COVID-19: What to Do if You Were Exposed

On August 11, 2022, Centers for Disease Control and Prevention (CDC) updated the COVID-19 guidance for community, school, and early childhood education settings. The Wisconsin Department of Health Services (DHS) supports these updates and is currently working to update its website and materials to reflect these changes.

COVID-19 spreads mainly from person-to-person through respiratory droplets and aerosols. If you’ve been exposed to COVID-19, you could get sick. Learn more about what to do if you've been exposed to COVID-19.


Understanding your risk

Certain factors can lower or increase your risk of getting COVID-19 after being exposed. These include:

  • How long you were around the person with COVID-19.
  • Whether or not the person with COVID-19 had symptoms at the time.
  • If the person with COVID-19 was coughing, singing, shouting, or breathing heavily.
  • Whether or not you or the person with COVID-19 were wearing masks.
  • How well-ventilated the space was.
  • How close the person with COVID-19 was to you.
 

Use the Centers for Disease Control and Prevention website to help you assess and understand your risk after exposure.


Steps to take after being exposed

 

You Stop the Spread: Digital thermometer

Watch for symptoms

  • Monitor your health for 10 days after your last exposure.
  • Check your temperature twice a day, once in the morning and once at night. If you don't have a thermometer, watch for symptoms of fever like chills or sweats.
  • Watch for cough, difficulty breathing, or other symptoms of COVID-19. Write down any symptoms you have and when they begin.
  • If you develop symptoms of COVID-19, isolate from other members of your household, contact a doctor or health care provider, and get tested. Tell the doctor or health care provider your symptoms to determine if you need medical care. A doctor or health care provider can help determine COVID-19 treatment is right for you. Do not go to a medical office or clinic without contacting them first.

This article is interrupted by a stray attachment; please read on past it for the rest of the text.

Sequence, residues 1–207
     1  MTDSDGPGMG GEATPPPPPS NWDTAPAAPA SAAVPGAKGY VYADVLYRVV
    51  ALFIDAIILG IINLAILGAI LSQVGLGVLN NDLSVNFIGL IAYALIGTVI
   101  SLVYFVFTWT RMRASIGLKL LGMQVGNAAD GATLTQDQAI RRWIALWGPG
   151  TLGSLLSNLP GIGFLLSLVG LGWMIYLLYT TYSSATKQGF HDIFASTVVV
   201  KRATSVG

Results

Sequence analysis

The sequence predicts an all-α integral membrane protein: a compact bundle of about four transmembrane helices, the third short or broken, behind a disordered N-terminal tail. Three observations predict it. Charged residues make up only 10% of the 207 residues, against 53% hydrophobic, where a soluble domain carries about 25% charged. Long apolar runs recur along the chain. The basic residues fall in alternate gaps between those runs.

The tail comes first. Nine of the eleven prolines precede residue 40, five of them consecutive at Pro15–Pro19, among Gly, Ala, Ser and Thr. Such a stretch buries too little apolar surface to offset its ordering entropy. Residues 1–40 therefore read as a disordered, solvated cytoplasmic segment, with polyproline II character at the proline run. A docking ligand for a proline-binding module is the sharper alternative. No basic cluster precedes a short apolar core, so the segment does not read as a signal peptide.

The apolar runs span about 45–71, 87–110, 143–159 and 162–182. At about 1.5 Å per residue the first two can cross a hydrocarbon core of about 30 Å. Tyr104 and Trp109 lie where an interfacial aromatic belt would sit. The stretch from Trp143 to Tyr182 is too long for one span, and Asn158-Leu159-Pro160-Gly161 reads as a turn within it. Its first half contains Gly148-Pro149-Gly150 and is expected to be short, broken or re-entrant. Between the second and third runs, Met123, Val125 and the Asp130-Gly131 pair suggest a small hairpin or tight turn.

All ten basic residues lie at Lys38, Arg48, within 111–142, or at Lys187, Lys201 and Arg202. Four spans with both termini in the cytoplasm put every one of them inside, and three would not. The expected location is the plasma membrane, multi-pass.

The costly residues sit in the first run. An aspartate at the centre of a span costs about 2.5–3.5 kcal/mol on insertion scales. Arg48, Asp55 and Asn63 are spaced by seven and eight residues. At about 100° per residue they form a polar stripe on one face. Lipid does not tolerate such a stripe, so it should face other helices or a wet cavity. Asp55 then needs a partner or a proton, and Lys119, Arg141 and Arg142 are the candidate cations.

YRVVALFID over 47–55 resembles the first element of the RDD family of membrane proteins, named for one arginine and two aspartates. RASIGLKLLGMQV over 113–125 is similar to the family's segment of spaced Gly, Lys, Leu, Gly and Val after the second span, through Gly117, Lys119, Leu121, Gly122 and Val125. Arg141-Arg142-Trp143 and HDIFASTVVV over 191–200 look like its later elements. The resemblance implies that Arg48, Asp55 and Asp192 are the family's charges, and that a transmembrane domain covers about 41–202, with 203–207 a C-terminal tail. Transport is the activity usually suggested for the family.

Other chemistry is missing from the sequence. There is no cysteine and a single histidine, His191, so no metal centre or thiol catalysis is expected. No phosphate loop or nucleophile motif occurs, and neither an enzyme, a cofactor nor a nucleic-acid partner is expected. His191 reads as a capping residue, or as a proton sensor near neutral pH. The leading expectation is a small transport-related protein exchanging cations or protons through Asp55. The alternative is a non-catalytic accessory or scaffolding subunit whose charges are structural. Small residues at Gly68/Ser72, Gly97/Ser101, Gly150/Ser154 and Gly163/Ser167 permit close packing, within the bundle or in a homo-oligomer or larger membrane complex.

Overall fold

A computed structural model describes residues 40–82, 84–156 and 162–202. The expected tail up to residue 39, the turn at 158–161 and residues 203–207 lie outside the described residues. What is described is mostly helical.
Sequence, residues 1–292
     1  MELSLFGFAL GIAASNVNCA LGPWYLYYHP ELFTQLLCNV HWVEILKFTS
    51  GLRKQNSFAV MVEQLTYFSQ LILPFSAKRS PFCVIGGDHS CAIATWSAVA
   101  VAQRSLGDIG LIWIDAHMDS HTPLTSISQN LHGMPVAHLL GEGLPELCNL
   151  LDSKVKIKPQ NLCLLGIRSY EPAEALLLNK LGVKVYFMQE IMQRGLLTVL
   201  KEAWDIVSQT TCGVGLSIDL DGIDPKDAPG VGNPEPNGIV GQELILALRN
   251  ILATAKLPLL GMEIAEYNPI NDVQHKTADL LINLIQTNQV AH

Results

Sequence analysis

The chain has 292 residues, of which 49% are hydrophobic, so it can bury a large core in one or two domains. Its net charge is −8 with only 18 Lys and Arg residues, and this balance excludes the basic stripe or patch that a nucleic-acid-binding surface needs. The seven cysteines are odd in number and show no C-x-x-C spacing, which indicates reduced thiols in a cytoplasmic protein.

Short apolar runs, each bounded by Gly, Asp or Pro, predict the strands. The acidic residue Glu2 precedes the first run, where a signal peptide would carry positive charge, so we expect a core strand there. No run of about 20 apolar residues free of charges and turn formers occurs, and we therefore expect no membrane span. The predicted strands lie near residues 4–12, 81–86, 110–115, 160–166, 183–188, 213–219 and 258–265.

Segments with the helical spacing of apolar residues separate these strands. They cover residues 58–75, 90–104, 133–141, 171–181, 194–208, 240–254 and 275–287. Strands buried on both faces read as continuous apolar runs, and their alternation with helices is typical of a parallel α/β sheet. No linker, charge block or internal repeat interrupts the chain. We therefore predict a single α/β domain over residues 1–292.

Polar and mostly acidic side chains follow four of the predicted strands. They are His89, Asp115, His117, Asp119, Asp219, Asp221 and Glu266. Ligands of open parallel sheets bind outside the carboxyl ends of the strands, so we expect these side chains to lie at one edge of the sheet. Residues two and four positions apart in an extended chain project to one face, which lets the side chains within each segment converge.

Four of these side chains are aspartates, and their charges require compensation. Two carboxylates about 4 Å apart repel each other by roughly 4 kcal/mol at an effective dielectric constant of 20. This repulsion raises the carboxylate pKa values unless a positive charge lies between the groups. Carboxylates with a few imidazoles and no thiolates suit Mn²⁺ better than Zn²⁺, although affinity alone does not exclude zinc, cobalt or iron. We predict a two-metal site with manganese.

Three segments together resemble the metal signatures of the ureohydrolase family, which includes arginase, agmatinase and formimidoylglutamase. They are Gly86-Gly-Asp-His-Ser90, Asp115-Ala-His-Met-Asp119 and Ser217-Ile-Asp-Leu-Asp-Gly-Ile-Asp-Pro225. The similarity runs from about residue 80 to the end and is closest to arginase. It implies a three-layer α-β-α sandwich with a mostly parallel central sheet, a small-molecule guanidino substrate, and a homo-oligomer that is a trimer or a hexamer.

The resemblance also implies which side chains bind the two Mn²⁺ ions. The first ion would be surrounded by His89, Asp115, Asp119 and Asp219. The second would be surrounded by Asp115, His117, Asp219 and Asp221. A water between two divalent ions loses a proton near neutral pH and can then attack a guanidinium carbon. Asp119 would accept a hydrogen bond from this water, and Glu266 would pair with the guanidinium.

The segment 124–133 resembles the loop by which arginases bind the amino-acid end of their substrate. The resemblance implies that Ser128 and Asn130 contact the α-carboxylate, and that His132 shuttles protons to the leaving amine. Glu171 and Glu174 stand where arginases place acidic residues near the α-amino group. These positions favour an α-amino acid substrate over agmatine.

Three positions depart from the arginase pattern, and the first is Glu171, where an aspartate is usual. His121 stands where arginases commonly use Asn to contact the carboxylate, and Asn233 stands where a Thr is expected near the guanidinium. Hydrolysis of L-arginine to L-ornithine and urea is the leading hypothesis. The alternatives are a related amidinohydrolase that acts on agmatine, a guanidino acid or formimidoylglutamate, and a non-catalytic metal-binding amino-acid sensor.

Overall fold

You Stop the Spread, Getting a nose swab

Get tested for COVID-19

Get tested at least five days after being exposed to COVID-19. Get tested right away if you develop symptoms of COVID-19. If you test positive, follow instructions for isolation.

If you've had COVID-19 in the last 90 days, follow specific recommendations for testing

 

 

You Stop the Spread, Adult wearing a mask

Wear a mask

Continue to wear a well-fitting mask around others at home and in public until 10 days after your last close contact with someone with COVID-19. Do not go places where you are unable to wear a mask.

 

 

You Stop the Spread, Person checking cellphone

Answer the text or call from your health department

Your local health department or the Department of Health Services Contact Tracing Team might reach out to you with more recommendations if you were exposed and identified through contact tracing.

 

What if someone is unable to wear a mask?

Masks are not recommended for children under ages 2 years and younger, or for people with some disabilities. In these circumstances, other prevention actions (such as improving ventilation) should be used to avoid transmission for 10 days after exposure.


Get tested

If you have been in close contact with someone with COVID-19 or have symptoms, it is a good idea to get tested. Not sure how to get tested? We can help.

See options for COVID-19 testing.

Medical professional performing a nasal swab test on an adult

Last Revised: August 17, 2022

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